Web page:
New $4.8 Million OCR Settlement for HIPAA Violations: HIPAA & HITECH Act Blog by Jonathan P. Tomes with Guest Commentator Attorney and EMR Legal Consultant Alice M. McCart

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According to a press release issued May 7, 2014, by the Department of Health and Human Services (“DHHS”) Office for Civil Rights (“OCR”), “Two health care organizations have agreed to settle charges that they potentially violated the Health Insurance Portability and Accountability Act of 1996 (HIPAA) Privacy and Security Rules by failing to secure thousands of patients’ electronic protected health information (ePHI) held on their network. The monetary payments of $4,800,000 include the largest HIPAA settlement to date. . . . [OCR] initiated its investigation of New York and Presbyterian Hospital (NYP) and Columbia University (CU) following their submission of a joint breach report, dated September 27, 2010, regarding the disclosure of the ePHI of 6,800 individuals, including patient status, vital signs, medications, and laboratory results.”

OCR’s investigation revealed that the HIPAA breach occurred “when a physician employed by CU who developed applications for both NYP and CU attempted to deactivate a personally-owned computer server on the network containing NYP patient ePHI. Because of a lack of technical safeguards, deactivation of the server resulted in ePHI being accessible on internet search engines.”

OCR also found that neither NYP nor CU “had conducted an accurate and thorough risk analysis that identified all systems that access NYP ePHI. As a result, neither entity had developed an adequate risk management plan that addressed the potential threats and hazards to the security of ePHI.” Further, NYP had “failed to implement appropriate policies and procedures for authorizing access to its databases and failed to comply with its own policies on information access management.”

Again, according to the press release, NYP has paid OCR a monetary settlement of $3,300,000, and CU has paid a monetary settlement of $1,500,000, with both entities agreeing to a substantive corrective action plan (“CAP”), “which includes undertaking a risk analysis, developing a risk management plan, revising policies and procedures, training staff, and providing progress reports.”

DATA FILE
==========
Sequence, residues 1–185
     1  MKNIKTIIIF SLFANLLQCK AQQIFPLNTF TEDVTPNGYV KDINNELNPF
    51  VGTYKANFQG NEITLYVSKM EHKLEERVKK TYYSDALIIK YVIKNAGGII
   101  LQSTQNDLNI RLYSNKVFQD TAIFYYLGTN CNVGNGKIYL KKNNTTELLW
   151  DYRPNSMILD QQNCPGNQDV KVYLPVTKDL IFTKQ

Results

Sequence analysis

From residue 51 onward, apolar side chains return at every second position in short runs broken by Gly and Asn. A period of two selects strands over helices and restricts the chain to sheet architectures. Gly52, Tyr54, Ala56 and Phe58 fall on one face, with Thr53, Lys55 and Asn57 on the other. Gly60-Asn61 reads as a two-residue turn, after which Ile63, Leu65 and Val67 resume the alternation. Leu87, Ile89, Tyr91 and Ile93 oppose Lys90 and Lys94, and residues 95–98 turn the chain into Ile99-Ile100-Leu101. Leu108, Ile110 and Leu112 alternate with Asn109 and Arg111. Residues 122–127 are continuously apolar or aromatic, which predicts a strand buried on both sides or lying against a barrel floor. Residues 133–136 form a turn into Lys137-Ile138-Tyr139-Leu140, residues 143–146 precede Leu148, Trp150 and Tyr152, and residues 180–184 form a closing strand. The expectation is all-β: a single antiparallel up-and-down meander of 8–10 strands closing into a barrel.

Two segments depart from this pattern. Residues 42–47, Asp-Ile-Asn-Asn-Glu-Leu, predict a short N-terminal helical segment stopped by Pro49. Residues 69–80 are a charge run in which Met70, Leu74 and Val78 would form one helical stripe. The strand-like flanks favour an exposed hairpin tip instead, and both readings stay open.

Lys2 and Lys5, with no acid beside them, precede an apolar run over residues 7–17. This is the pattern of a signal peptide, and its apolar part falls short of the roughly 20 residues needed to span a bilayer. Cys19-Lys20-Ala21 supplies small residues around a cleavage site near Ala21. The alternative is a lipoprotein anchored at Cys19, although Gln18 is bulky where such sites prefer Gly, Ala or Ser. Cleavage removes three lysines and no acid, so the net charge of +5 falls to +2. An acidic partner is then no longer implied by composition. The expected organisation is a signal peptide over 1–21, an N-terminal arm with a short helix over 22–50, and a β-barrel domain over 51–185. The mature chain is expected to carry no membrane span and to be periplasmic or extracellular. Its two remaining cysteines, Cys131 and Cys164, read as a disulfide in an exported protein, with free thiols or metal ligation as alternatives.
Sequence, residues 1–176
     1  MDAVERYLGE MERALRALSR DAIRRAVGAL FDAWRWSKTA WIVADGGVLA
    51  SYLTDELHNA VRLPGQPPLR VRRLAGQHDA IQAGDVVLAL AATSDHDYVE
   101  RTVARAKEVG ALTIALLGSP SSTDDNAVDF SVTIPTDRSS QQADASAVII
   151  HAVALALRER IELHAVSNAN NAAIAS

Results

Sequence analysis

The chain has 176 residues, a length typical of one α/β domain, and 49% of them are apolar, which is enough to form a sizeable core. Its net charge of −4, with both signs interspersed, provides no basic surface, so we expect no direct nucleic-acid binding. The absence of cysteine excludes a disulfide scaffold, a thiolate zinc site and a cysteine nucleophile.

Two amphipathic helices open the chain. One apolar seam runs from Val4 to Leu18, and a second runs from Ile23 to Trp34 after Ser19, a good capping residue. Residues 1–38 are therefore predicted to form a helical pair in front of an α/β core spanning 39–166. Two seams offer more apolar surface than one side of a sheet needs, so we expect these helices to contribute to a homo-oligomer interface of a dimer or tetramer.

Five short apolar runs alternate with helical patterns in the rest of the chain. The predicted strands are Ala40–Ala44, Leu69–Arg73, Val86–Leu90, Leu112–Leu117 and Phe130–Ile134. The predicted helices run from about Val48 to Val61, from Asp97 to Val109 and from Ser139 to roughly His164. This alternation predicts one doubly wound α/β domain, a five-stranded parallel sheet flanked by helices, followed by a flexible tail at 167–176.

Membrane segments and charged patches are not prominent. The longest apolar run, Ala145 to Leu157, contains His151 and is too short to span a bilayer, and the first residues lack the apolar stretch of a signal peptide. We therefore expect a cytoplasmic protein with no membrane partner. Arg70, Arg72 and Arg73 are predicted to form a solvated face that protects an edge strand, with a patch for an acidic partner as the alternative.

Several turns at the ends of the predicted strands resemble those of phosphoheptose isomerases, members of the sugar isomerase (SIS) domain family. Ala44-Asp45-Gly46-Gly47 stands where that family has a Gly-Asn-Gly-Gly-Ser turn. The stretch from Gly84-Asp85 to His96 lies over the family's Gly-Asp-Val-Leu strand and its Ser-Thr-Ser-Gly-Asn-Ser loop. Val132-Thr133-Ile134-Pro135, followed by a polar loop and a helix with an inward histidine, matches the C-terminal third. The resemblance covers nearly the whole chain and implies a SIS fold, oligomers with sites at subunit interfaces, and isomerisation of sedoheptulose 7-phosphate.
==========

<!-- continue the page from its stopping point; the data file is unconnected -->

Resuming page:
This settlement underscores exactly what we at EMR Legal preach to our clients, seminar attendees, and workshop participants:

  1. Complete your gap analysis and then risk analysis.
  2. Implement reasonable and appropriate security measures.
  3. Implement and policies and procedures (implement the required policies and procedures, address the addressable policies and procedures, and consider whether you need to implement other policies and procedures not even mentioned in HIPAA or its implementing regulations).
  4. Enforce your policies and procedures according to your required Sanction Policy.
  5. Train your workforce.
  6. Keep all of your written documentation of HIPAA compliance for at least six (6) years.

If you need help in avoiding HIPAA violations, order from our Gap Analysis and Risk Analysis toolkits, The Complete HIPAA Policies and Procedures Guide by Jonathan P. Tomes with Richard D. Dvorak and yours truly, Alice M. McCart, with accompanying HIPAA Compliance Sample Policies and Procedures CD, and Your Happy HIPAA Book, in which to file in one handy place all of your written HIPAA compliance documentation.

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